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Carst and Walker
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Zapping two greasy fingers at the recession

It’s cheap. It’s tasty. It’s full of fat. Junk food is back on the menu – but what’s really behind the craving for burgers, deep fried chicken and French fries? The UK Independent’s Simon Usborne went investigating.

As our pockets empty, we’re looking for cheaper ways to fill our stomachs. And as the stresses of working in a downsized economy build, more of us are supersizing our meals at places like McDonald’s. We know it’s a short cut to obesity, heart disease and type two diabetes, but we also know that, as well as being easy on the wallet, a portion of nuggets might make us feel a bit better, too.

Both Super Size Me (2004) in which the film-maker Morgan Spurlock tried a month-long “McDiet”, and Eric Schlosser’s book Fast Food Nation (2001), an exposé of what the burger-and-fries regime had done to cows, children and waistlines in America, changed the way we looked at junk food. At the same time, prosperity brought alternatives in the form of fresher, healthier, organic and ethically-sourced food. But the new diet was also more expensive. Now, an industry that looked like becoming a deep-fried anachronism is enjoying a remarkable reversal in fortunes.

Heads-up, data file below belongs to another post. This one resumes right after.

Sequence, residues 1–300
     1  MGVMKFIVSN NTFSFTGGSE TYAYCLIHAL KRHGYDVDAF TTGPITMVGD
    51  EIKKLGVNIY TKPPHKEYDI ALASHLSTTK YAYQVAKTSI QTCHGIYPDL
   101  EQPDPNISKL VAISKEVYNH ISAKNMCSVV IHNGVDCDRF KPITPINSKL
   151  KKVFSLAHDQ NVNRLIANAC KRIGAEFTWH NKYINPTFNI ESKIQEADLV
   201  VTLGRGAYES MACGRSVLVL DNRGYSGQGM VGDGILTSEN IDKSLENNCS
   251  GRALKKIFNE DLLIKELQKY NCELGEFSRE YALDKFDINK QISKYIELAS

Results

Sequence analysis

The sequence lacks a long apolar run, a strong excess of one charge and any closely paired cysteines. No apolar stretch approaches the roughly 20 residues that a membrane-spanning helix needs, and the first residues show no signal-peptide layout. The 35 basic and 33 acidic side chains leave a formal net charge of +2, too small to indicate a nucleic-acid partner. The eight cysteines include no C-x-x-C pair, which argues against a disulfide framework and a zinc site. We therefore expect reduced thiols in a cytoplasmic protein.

This year, McDonald’s plans to open 1,000 new restaurants, including up to 20 in the UK. The chain will also create 4,000 British jobs and plough ahead with its nationwide refurbishment of stores, investing £37m this year in Arne Jacobsen-style chairs and black wall-panelling. It’s a similar story at KFC, which recently unveiled a £150m expansion plan that will see the chain open up to 300 outlets in the next three to five years, creating 9,000 jobs. Meanwhile, Domino’s Pizza has reported an “exceptional” start to 2009, beating profit predictions by 25% and announcing 50 new outlets and 1,500 new jobs for this year.

But if there is one chain that stands out in the recession-bucking fast-food resurgence, it’s Subway. This American sandwich company’s stealthy proliferation on the high street has taken many by surprise. It took McDonald’s 35 years to open its 1,260 outlets in the UK and Ireland; Subway reached that figure late last year after just 12 years in Britain. Via more than 1,400 outlets, Subway now serves two million customers a week (up from 35,000 five years ago) and opens five new outlets a week (new locations last month included Torquay, Chelmsford, Birmingham and Rushden).

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